”Advertising Age reports that ad blocking and fraud is of major concern in the advertising community. If ad blocking escalates exponentially over the next 1-2 years, how will digital advertising be helpful in reaching consumers? Check out this article to hear more about this problem”—Bob Wills, CEO/Media Director
Ad Blocking Is a Growing Problem. What’s the Fix?
Publishers Including CBS Interactive, Forbes, DailyMail Weigh Their Options
Browsing the web without ads is actually kind of nice. No popups stealing your screen. No autoplaying video ads making the page load as slowly as if it were being dialed up through America Online circa 1999.
And millions of people seem to agree. They’ve installed extensions to their web browsers that delete the ads from most, if not all, of of the sites they visit. One popular ad blocker, AdBlock Plus, claims that it’s been installed on people’s browsers more than 400 million times and that it counts “close to 50 to 60 million active users,” said Ben Williams, communications and operations director at Eyeo, the company that makes AdBlock Plus.
Ad blocking isn’t a new issue. People have been installing these extensions for years. But those people were considered a fringe group. But that group is getting closer to the mainstream as kids who grew up browsing the web on their parents’ computers are getting their own laptops that they can customize all the way.
“It didn’t really exist in any significant usage… I never heard about it until this year. I thought it was some very fringe-type thing, and it’s becoming less fringe usage and more early-adopter usage,” said DailyMail CEO Jon Steinberg.
Twenty-eight percent of people in the U.S. who use the internet browse the web with ad blocking enabled, according to a survey of 1,621 people conducted last year by Adobe and PageFair, a company that sells publishers technology to fight ad blockers.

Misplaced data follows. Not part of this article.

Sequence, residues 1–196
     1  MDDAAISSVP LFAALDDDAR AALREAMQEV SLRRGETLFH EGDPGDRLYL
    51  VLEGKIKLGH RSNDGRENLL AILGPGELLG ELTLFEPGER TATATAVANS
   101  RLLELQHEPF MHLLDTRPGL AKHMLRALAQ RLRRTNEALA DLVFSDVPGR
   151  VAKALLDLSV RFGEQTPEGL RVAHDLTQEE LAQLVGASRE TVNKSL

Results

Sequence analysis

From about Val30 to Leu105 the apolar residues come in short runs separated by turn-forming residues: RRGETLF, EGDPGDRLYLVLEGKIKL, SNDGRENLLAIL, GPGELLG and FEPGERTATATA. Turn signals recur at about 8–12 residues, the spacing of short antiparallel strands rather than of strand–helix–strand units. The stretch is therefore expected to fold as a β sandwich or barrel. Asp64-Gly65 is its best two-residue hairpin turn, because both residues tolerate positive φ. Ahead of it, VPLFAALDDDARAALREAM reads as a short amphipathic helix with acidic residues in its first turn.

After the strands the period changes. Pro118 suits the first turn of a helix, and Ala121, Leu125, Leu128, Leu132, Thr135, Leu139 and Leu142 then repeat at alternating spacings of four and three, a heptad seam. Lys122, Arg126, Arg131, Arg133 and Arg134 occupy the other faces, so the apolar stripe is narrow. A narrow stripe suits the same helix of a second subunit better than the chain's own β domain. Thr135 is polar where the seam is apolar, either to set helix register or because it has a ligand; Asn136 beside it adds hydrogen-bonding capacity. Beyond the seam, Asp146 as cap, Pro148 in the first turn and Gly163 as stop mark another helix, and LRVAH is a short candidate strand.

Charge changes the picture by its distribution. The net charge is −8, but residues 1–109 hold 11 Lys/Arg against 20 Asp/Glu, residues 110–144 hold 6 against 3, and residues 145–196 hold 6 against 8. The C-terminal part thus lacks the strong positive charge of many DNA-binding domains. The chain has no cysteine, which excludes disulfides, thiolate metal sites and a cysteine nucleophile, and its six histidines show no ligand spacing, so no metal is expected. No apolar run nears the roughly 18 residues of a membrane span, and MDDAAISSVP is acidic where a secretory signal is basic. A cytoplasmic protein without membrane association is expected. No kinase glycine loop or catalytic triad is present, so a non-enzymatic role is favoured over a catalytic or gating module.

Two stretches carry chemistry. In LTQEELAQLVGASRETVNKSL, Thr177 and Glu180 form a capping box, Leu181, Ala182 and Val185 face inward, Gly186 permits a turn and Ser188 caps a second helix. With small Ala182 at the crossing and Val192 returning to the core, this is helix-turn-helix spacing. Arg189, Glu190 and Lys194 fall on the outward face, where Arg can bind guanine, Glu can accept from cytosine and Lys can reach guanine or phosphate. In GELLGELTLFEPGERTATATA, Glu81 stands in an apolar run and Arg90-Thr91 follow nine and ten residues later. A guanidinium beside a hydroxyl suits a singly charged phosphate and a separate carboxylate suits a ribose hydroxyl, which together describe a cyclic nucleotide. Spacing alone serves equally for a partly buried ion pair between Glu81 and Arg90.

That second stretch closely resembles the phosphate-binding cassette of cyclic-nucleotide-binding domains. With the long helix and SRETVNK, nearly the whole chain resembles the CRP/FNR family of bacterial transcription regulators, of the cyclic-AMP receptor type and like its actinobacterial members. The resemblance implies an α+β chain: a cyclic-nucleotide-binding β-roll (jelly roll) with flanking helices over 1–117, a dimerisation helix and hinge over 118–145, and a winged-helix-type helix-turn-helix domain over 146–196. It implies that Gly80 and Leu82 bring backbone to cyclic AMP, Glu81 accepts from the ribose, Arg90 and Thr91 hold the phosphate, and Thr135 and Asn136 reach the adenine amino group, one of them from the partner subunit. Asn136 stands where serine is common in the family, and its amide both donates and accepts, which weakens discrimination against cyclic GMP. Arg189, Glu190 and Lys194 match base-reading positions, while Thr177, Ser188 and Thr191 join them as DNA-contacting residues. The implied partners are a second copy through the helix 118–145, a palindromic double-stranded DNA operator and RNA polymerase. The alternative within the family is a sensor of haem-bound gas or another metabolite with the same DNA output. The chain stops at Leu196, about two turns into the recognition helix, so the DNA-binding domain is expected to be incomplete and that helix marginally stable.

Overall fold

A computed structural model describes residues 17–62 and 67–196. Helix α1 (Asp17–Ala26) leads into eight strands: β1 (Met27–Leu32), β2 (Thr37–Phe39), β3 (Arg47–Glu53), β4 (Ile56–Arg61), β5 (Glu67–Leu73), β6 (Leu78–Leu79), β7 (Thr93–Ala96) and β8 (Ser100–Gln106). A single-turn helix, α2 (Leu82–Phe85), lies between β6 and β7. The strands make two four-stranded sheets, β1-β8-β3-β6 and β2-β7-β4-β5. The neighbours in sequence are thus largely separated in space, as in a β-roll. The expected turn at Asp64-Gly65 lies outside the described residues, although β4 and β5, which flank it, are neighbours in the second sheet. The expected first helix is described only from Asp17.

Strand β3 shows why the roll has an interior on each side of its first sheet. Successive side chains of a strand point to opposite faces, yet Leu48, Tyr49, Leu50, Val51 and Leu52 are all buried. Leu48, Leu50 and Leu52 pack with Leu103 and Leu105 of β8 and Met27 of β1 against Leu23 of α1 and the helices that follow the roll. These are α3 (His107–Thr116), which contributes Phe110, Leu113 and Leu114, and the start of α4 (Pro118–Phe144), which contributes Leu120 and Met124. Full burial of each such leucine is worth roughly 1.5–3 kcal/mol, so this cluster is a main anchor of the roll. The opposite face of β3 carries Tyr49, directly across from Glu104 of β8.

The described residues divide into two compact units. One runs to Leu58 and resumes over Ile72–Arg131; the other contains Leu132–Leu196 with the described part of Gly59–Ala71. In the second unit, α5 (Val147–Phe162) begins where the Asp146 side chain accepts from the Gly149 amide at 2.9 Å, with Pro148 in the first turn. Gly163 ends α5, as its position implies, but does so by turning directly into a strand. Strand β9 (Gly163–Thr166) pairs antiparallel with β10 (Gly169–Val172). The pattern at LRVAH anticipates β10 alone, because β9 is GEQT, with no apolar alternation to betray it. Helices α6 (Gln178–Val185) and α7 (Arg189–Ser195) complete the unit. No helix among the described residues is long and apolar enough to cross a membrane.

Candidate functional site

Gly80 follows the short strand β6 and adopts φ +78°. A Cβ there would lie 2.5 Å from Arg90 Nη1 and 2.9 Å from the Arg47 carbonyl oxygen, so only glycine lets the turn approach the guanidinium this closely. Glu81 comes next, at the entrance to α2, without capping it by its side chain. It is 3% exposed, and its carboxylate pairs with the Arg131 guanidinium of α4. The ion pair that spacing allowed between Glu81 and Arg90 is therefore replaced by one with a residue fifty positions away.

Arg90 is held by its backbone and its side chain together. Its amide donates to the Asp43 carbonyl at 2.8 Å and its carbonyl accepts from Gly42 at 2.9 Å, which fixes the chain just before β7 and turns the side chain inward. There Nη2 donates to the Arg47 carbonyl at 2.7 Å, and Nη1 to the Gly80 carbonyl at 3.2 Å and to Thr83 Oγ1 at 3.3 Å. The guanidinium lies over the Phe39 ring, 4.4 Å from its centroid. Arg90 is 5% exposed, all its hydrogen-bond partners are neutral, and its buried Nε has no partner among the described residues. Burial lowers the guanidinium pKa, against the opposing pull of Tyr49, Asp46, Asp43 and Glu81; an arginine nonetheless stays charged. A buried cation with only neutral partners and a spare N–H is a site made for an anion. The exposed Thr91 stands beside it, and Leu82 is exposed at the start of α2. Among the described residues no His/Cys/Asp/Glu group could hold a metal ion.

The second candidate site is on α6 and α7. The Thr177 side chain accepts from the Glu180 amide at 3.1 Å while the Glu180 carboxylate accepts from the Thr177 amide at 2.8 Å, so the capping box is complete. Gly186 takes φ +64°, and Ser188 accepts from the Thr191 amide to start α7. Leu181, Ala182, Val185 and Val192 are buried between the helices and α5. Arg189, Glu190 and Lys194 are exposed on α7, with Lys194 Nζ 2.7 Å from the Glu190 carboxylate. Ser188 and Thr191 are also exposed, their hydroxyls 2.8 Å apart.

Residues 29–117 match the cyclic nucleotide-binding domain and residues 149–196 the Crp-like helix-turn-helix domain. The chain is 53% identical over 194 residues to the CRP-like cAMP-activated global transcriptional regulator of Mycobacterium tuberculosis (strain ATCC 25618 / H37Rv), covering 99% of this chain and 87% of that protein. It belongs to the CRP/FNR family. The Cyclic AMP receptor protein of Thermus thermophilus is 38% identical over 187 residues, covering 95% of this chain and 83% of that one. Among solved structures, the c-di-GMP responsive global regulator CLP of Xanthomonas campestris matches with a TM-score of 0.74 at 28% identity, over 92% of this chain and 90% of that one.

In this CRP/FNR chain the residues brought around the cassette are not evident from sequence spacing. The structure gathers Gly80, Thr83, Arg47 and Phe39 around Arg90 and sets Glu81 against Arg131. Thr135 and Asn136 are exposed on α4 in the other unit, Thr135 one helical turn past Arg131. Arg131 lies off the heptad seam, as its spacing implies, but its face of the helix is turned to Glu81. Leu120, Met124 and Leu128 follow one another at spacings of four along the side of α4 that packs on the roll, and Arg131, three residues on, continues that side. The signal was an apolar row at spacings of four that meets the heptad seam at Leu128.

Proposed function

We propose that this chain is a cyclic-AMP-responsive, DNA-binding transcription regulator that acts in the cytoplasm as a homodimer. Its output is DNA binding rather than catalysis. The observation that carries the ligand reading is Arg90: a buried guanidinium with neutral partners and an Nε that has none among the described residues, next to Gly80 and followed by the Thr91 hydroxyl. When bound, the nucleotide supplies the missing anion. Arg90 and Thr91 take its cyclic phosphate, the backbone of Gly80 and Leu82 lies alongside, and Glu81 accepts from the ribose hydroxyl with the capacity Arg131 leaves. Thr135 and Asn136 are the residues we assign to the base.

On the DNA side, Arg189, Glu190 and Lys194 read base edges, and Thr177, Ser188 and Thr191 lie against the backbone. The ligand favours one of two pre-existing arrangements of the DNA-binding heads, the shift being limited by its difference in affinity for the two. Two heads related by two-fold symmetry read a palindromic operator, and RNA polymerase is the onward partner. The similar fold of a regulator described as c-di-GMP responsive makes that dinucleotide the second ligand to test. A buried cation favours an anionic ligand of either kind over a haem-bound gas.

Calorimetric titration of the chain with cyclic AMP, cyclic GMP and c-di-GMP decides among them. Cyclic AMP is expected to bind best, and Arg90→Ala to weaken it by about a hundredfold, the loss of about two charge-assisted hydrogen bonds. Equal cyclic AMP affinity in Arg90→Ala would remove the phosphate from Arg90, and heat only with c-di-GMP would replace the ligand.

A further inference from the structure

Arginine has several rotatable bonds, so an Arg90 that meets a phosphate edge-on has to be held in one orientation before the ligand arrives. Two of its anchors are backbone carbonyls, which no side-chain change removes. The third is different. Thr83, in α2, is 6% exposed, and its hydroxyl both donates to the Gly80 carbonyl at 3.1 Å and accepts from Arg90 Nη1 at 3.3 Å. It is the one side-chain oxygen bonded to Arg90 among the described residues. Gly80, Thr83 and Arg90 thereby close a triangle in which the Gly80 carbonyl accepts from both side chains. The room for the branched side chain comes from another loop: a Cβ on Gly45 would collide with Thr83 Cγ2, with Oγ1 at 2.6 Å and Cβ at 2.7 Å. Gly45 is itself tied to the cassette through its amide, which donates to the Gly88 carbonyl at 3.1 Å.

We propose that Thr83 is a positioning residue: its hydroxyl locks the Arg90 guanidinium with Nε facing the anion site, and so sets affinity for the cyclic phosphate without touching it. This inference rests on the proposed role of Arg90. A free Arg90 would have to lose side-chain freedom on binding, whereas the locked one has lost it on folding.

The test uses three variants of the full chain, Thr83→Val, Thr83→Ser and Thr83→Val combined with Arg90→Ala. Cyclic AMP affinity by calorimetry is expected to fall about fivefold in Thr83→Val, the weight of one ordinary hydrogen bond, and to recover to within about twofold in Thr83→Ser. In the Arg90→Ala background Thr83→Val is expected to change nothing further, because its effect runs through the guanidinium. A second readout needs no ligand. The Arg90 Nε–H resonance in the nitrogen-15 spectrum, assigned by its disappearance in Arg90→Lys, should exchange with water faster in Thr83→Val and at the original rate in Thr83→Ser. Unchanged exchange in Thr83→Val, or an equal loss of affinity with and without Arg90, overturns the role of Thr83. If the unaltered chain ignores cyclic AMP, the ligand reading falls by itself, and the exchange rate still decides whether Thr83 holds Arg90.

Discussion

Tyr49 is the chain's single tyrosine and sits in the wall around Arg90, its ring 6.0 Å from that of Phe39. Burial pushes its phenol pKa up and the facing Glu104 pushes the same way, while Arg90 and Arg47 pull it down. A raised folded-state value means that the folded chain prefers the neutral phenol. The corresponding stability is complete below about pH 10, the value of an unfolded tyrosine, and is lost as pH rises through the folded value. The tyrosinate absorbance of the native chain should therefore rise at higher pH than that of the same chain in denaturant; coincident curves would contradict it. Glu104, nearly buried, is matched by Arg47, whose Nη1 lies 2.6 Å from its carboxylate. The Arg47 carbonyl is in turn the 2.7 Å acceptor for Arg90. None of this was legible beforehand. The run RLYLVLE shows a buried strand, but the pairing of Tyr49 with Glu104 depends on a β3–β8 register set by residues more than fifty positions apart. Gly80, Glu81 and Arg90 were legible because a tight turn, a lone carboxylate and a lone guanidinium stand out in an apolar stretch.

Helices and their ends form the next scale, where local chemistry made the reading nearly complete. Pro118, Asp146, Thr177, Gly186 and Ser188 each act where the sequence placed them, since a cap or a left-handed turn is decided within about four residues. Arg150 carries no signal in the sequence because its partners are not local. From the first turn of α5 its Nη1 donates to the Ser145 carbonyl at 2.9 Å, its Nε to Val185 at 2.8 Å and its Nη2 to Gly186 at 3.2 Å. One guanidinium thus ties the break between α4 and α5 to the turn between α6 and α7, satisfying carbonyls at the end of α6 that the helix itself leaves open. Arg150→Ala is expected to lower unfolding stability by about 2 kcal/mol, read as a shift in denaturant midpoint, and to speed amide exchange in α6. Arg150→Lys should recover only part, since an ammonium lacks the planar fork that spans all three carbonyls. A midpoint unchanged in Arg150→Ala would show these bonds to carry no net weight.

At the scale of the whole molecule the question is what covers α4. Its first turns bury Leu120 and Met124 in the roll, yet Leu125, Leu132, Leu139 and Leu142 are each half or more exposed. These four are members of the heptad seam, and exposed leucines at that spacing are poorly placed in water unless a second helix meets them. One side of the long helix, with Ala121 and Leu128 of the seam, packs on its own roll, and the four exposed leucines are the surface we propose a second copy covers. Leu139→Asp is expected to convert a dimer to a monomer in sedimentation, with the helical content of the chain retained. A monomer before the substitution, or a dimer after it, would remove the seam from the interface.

And advertisers’ target audience du jour — millennials — appear to be more likely to use ad blockers than any other age group. Of the survey respondents who were between the ages of 18 and 29 years old, 41% said they use ad blockers. As further evidence ad blocking isn’t abating, Mr. Williams said AdBlock Plus has averaged 2.3 million downloads a week since 2013.
Ad blocking hasn’t become a massive problem for publishers on the level of fraudulent traffic or advertisers’ ad viewability demands that require more urgent attention because of the growing notion that marketers will pull their money over those two issues. But it’s getting there.
“That’s exactly how I think about it, which is if we start seeing it creep up and break out, we will devote the mental energy and fiscal time to evaluating these vendors… It’s not a big enough problem yet — we’ve got bigger problems right now,” said Mr. Steinberg, who noted that he was planning to meet with a company this week that helps publishers fight ad blockers.
CBS Interactive’s chief revenue officer David Morris, who also serves as chairman of the Interactive Advertising Bureau, agreed that there are bigger issues facing publishers, though ad blocking isn’t far behind. “Viewability is number one. I would say preventing fraudulent traffic on your sites is number two, and that’s from an industry standpoint, not a CBS standpoint. And then after that in terms of issues, I would say ad blocking is going to come up pretty fast,” said Mr. Morris, noting that CBS Interactive has been examining the ad-blocking issue for two years and worked with companies including PageFair to address it.
For CBS Interactive’s portfolio of 20 sites, “we see ad blocking range from as low 5% to as high as 40%,” Mr. Morris said. A few months ago Forbes looked into what share of the people visiting its desktop site use ad blockers when they do. “We are seeing roughly 20% of desktop visitors visiting with some form of ad blocking on,” said Forbes CTO Mike Dugan. And DailyMail recently ran a test to gauge its video ad blocking rates and found that 11% to 12% of its viewers had ad blockers turned on when viewing a video on its site, said Mr. Steinberg.
While ad blocking hasn’t sent the ad-supported online publishing world into DEFCON 1 status, alarms blared earlier this month when Apple revealed plans to let ad block extensions work on the mobile version of its Safari browser that’s packaged as the default web browser for iPhones and iPads. Apple didn’t respond to requests for comment. But even before the announcement of Apple’s new content blocking software, mobile ad-blocking was growing extensively overseas.
“A pretty noticeable thing that went fairly unreported on is that last August a web browser called UC browser, which is very popular in India and China, built in ad blocking into its mobile browser,” Sean Blanchfield, PageFair CEO, said. “It has half a billion users and basically overnight all these users became ad blockers.”
In addition to the 500 million users generated through UC Browser, a different browser, Maxthon, partnered with Ad Block Plus to create an ad-free mobile browsing platform. To date Maxthon has 120 million users, which brings mobile ad-blocking up to 620 million users, a growing population that now champions desktop ad-blocking. And with the launch of iOS9 on June 30, that number will continue to increase.